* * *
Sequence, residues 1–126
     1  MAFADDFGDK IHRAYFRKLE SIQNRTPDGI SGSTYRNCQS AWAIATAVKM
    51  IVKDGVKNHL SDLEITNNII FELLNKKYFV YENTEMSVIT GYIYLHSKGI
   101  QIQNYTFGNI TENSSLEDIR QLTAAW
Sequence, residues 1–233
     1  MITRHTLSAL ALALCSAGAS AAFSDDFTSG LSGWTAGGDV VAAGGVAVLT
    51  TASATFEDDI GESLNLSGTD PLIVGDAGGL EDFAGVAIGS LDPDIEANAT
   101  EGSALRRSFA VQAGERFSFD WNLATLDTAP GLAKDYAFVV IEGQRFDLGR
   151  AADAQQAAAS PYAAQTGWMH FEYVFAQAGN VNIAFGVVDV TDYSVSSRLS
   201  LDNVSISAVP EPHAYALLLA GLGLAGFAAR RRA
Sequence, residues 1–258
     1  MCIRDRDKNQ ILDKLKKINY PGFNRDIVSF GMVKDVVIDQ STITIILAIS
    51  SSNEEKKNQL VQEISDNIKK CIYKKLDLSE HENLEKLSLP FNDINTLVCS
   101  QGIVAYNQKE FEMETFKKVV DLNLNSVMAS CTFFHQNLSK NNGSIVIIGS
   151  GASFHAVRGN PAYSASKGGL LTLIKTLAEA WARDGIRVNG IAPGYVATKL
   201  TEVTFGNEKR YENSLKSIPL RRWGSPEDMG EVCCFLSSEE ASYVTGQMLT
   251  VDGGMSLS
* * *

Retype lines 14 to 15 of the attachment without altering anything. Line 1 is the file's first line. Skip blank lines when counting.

   101  QGIVAYNQKE FEMETFKKVV DLNLNSVMAS CTFFHQNLSK NNGSIVIIGS
   151  GASFHAVRGN PAYSASKGGL LTLIKTLAEA WARDGIRVNG IAPGYVATKL